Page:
Somebody told me about Piestany, the most famous spa town in Slovakia, with such enthusiasm, that I wanted to see it by myself. As soon as work was done and some money in the pocket I started. Just for a long weekend in October.
I was touched by the colours of the autumn leaves, the wide tree alleys and the sudden begin of winter with snow and cold temperatures. But I was prepared for that with wool pullovers, sweaters, winter jackets and boots in my luggage. And Piestany celebrates its 100 years anniversary in 2012.
Hotel Tematin just outside Piestany convinced me with a large and modern room, spa area, massage offers, a great restaurant and a cosy open fire place for reading and writing. Ten natural healing springs rise in Piestany, containing sulphur and carbon, calcium and sodium and sulphuric hypotonic thermal waters at a temperature of 67 to 69 ̊ C. The water is beneficial for both external use in form of baths as well as internal use as a drinking cure.
The most beautiful part of Piestany is undoubtedly Spa Island. There the many impressive spa buildings include the Art Nouveau Jewel Thermia Palace Hotel (www.thermiapalace.sk). The hotel’s own spa, the Irma Health Spa architecture from the beginning of the 20th century are distinct not just in terms of Piestany, but all of Central Europe. Both buildings were completed in April 1912 and made ready to welcome their first guests. It is said that the name Thermia for the hotel was suggestd by the wife of first owner Alexander Winter, Henrieta, to which then added son Ludovit the word Palace. The name was to symbolise the position of the hotel in the famous thermal spa and its link to the spa, as well as the high standard of services, luxurious furnishings and exclusive premises. The spa treatment centre was named by Irma Erdödy, the wife of Imrich Erdödy, the son of the first spa owner. In 2006, after its general reconstruction it became the first five-star spa hotel in Slovakia.
Mirrors, chandeliers and wall lamps have been preserved from the historic furnishings in the magnificient dining hall, where I had lunch. The interior is decorated with a set of marble sculptures portraying the Three Beauties, most probably dating back from the 19th century. In 1932 a gift from master painter Alfons Mucha, who visited the spa several times and whose daughter was healed here, took pride of place above the door of the dining hall. As a tribute to the healing power of the local thermal water, he donated an allegorical painting to the spa. The oil painting “God bless the spring of health” pictures a recovering girl – Mucha’s daughter – sitting in a rocking chair. Another girl and a woman dressed in the traditional local costume of Piestany are bringing fruit and a rose to the recovering girl, with the enchanting countryside around the river Vah in the background.
In the afternoon I visited Irma Health Spa which is directly connected to the hotel. It is a two-floor and three-winged building situated around the dominant feature of balneotherapy treatment, the mud pool. The cupola is supported by steel concrete arch ribs decorated by Art-Nouveau mascarons. The floor around the pool and the walls up to 2.5 metres are tiled in ceramics, with colourful ceramic strips above, depicting fantastical fish.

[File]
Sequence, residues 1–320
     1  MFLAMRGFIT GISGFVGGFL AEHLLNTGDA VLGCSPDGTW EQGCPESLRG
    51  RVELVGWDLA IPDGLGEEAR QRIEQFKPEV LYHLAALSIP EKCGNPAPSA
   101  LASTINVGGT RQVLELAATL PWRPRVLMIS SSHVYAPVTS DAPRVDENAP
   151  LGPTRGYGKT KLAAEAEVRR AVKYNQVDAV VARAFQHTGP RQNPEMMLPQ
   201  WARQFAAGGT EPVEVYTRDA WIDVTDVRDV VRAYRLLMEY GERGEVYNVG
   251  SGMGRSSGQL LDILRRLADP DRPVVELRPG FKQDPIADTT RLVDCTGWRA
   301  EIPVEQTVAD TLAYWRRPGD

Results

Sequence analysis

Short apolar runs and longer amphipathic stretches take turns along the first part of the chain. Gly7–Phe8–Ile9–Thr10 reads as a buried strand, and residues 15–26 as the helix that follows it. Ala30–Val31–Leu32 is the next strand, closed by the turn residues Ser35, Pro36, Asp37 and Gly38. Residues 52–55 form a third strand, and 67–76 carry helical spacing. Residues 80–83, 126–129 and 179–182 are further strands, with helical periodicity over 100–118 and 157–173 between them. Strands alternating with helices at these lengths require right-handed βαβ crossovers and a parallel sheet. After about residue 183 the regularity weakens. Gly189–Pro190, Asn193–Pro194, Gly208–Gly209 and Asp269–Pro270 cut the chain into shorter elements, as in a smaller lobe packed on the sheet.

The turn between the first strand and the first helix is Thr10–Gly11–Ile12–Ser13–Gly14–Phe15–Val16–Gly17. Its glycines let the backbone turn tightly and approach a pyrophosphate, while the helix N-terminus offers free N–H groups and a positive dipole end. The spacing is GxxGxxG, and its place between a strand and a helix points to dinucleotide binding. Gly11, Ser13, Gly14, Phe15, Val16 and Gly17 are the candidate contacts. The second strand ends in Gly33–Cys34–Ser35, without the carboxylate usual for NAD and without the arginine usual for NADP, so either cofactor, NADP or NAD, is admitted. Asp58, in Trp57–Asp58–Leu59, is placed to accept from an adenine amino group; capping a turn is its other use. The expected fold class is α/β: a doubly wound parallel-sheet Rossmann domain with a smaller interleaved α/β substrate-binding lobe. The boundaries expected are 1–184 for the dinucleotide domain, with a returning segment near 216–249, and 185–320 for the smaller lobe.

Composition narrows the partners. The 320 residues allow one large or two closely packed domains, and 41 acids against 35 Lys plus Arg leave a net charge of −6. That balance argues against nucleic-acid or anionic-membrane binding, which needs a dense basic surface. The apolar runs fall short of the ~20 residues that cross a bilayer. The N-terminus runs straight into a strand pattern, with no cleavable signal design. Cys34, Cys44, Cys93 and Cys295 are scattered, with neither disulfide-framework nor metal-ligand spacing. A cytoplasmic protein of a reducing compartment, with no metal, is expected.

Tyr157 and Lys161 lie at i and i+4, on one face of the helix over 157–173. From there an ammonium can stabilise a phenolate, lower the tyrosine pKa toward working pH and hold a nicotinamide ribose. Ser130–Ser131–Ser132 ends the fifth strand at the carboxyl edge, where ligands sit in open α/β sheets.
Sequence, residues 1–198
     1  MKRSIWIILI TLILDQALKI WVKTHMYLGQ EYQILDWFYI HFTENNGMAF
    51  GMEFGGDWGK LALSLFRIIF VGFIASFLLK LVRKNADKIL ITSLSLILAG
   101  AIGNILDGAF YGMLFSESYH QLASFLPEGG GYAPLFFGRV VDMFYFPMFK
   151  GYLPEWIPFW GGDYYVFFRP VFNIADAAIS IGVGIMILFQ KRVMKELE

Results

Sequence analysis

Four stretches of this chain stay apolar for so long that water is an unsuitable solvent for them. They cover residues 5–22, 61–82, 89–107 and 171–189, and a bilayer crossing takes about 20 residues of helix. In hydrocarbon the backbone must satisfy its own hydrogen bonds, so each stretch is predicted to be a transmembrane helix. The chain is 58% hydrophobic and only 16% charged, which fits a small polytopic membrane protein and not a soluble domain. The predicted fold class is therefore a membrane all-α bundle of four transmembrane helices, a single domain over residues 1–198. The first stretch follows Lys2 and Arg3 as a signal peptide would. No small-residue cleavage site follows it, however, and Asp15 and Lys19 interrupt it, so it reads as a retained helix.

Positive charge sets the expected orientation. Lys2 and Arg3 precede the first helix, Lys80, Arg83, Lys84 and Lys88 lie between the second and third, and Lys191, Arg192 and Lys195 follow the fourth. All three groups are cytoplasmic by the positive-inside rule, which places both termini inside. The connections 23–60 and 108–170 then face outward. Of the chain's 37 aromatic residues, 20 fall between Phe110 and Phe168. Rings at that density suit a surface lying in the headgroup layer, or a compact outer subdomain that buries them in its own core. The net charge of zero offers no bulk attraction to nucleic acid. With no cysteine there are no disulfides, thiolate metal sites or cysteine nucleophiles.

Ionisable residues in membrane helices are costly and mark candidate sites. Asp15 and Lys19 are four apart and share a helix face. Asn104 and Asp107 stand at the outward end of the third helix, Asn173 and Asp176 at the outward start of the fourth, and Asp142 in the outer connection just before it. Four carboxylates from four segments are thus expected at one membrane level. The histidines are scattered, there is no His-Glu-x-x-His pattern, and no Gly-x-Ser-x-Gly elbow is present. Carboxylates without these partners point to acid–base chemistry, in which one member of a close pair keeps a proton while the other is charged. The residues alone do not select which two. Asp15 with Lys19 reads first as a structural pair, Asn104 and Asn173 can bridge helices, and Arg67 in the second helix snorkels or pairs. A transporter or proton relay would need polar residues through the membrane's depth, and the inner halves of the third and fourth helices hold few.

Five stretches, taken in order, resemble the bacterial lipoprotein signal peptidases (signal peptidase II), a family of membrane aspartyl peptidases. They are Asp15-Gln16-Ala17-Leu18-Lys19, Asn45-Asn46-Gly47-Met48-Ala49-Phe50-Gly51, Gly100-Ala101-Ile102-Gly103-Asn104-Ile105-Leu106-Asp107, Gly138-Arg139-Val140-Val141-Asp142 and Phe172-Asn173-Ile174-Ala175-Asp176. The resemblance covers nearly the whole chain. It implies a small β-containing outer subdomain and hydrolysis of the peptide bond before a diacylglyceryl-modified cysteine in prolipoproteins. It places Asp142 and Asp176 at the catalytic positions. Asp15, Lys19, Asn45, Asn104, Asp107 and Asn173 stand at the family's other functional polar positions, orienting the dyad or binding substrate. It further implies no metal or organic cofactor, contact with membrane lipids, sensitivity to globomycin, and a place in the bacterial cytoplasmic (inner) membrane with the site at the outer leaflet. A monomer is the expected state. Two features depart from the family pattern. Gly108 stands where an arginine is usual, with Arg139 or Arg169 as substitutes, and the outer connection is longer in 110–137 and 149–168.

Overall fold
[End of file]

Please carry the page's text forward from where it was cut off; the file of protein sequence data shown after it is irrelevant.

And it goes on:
The order is 10 to 15 minutes stay in the thermal sulphur water of 39 ̊ C in the mirror bath, than the same time in the 41̊ C mud water pool. After 8 steps down I entered those pool with a strange feeling. The floor consists of thousands of years old mud from the river Var, yes, you walk directly on the bed of the river. It is said that the mud is healing and the pool guests put it around their necks and the shoulders. You can’t swim in the mud pool, you just wander around or keep standing or sitting on the tiled benches in the pool. After ten minutes I have been really tired. I went out and straight into the sleeping room with cosy plankets and hammocks for lying down half an hour or longer.
Next day starts the same procedure at nearby “Napoleonsbad”, the “Bath of Napoleon”. There the entrance is a bit cheaper and the atmosphere more socialist. There the mirror and the mud pool are more decent and modest.
I enjoyed walking around the Spa Island with its beautiful autumn colours. In the back part of the island there are a group of hotel buildings in the style of the early 1970s. Charming socialist style of architecture.
Outside the island is the normal town of Piestany. There I found Art Nouveau Architecture as well as Bauhaus or socialist styles. The pedestrian area is called Winterova street with relicts from former times. Having a tea in the bar of Eden Hotel, writing some memories of the past spa hours and looking out of the window.
Piestany – just a perfect long weekend spa trip before the winter starts in Europe, bringing us short rainy and snowy days and long dark nights.
The legend of Piestany
Once there was an old white peacock that became sick because of chilly weather. The legend tells how the feeble and tired peacock lay down next to a hole with thermal water in it. The peacock slid down the muddy edge and the healing mud and thermal water soothed and helped it. For a few weeks the peacock took regular baths there and eventually got back to full health. People noticed this happening and from then on started to bathe in holes, which they dug near the springs of Piestany. The legend turned the peacock into the symbol of the Thermia Palace Hotel.
Foto-Collage Titel: Nicola Mesken (www.nicola-mesken.com)
Alle anderen Fotos: sl4lifestyle